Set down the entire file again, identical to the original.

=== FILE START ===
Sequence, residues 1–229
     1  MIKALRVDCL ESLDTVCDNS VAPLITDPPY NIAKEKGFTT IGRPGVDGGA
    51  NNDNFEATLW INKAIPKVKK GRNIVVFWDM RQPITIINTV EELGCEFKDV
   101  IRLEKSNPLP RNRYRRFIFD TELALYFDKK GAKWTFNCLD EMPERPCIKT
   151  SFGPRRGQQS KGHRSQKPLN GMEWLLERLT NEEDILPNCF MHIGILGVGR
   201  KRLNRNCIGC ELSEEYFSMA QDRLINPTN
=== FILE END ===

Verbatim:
Sequence, residues 1–229
     1  MIKALRVDCL ESLDTVCDNS VAPLITDPPY NIAKEKGFTT IGRPGVDGGA
    51  NNDNFEATLW INKAIPKVKK GRNIVVFWDM RQPITIINTV EELGCEFKDV
   101  IRLEKSNPLP RNRYRRFIFD TELALYFDKK GAKWTFNCLD EMPERPCIKT
   151  SFGPRRGQQS KGHRSQKPLN GMEWLLERLT NEEDILPNCF MHIGILGVGR
   201  KRLNRNCIGC ELSEEYFSMA QDRLINPTN